IMPLEMENTING voluntary assisted dying (VAD) legislation within a health service demands respectful communication and collaboration between health professionals and community.

Writing in the MJA, authors from Western Health in Melbourne, led by Ms Sarah Booth, the Social Work Research and Data Lead, documented the process the service went through to successfully embed VAD into their hospital setting.

“[We] used policies and guidelines suggested by the Department of Health and Human Services … and shared documents from other metropolitan tertiary hospitals as a basis for developing local policies and procedures,” Booth and colleagues wrote.

A key consideration was the need to balance the staff members’ right to conscientiously object to supporting patients who wanted VAD, with “the expectation that health professionals would continue to provide care unrelated to VAD”.

“Capacity for moral injury for staff for whom their beliefs and values were at odds with the employing organisation’s approach to VAD needed to be recognised and addressed throughout the implementation process,” Booth and colleagues wrote.

Through a staff survey, the authors found that 72% of the respondents supported a patient’s access to VAD at the health service. Eight senior medical staff expressed a willingness to be involved in the facilitation of VAD.

Booth and colleagues identified a number of challenges during the planning stage of implementation:

  • the need to balance the guiding principles of the legislation, which focused on patient-centred decisions, while embedding practices to mitigate organisational risk;
  • deciding where VAD medication would be stored during an inpatient stay;
  • fulfilling the responsibility of a Pathway A public health service to provide VAD as an option while respecting the staff member’s decision to conscientiously object to facilitating or being involved in VAD; and
  • the need to consider each case individually.

“Processes were embedded to allow conscientious objectors to distance themselves when patients request VAD, including the provision of informed agency nursing staff to replace potential conscientious objectors on a shift, and the broad promotion of a single contact phone number, to which conscientious objectors could anonymously call and hand over this responsibility,” wrote Booth and colleagues.

Over a 14-month period (June 2019 to September 2020), Western Health received 42 patient requests for VAD, with four patients progressing to a prescription of VAD medications and dying as a result. Three of these four patients died after receiving VAD as inpatients and one died at home after being discharged.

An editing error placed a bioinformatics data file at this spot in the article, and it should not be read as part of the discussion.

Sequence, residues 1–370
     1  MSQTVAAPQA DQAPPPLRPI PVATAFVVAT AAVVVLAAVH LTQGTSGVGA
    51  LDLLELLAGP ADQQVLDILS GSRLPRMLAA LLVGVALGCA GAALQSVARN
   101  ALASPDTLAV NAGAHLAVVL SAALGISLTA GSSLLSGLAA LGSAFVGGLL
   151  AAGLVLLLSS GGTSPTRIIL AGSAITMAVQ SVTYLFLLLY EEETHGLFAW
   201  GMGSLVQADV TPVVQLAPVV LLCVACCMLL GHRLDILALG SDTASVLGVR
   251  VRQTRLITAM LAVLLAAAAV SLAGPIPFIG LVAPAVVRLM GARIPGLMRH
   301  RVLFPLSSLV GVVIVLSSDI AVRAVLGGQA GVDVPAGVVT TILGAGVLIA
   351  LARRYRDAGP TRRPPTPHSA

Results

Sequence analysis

“Implementing VAD in a hospital setting demanded sensitive, honest and respectful communication between multiple health professional groups and the community, particularly between individuals with opposing views,” Booth and colleagues concluded.

“Locally, discussion of case studies, engagement in multisite research and staff consultation will continue to provide vital guidance to the health service when delivering VAD, improving its processes and responding to the needs of patients and staff.”

Also online first today at the MJA

Research: Patterns of care for men with prostate cancer: the 45 and Up Study
Yap et al; doi: 10.5694/mja2.50966 … OPEN ACCESS permanently.

Perspective: Dementia prevention: the time to act is now
Chong et al; doi: 10.5694/mja2.50972 … FREE ACCESS for 1 week.

Podcast: Dr Talila Milroy is a GP and academic registrar at the University of Western Australia. Associate Professor Lilon Bandler is Principal Research Fellow with the Leaders in Indigenous Medical Education Network at the University of Melbourne. They talk about Closing the Gap, the role of the GP in the health of Indigenous people, and the need for reform of the Medicare system … OPEN ACCESS permanently.


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2 thoughts on “Making VAD work in a health care service: respect and collaboration

  1. Dr Greg Mewett (Palliative Care Physician) says:

    I agree James.
    Also the result of the staff survey that 72% support the access of eligible patients to VAD within Western Health probably means that , with sensible planning, conscientious objection (CO) should be readily accommodated without any major disruption to staffing.
    Despite the widely held notion that “palliative care does not include VAD” (a very challengeable concept, in my opinion), a survey of the permanent nursing staff at our regional palliative care unit (n = 17) revealed that 100% supported VAD as a legal end-of-life option for eligible patients, and 80% agreed that this should be available to inpatients in our unit.
    As a result we also have experience with patients completing VAD as inpatients with excellent support form all staff, whilst ensuring anyone is able to absent themselves from VAD-related care. There must be designated limits to the extent of any CO, such that it does not impede an eligible patient’s access to VAD, whilst respecting any individual’s right to a strongly held religious or moral belief.
    This must be patient-centered care par excellence!

  2. James Hurley (general physician) says:

    Excellent to note the need to balance the staff members’ right to conscientiously object to VAD versus “the expectation that health professionals would continue to provide care unrelated to VAD”.
    Conscientious objection to VAD should not preclude the provision of care unrelated to VAD [as I have encountered]. Failure to provide usual care in such circumstances amounts to discrimination [IMHO].

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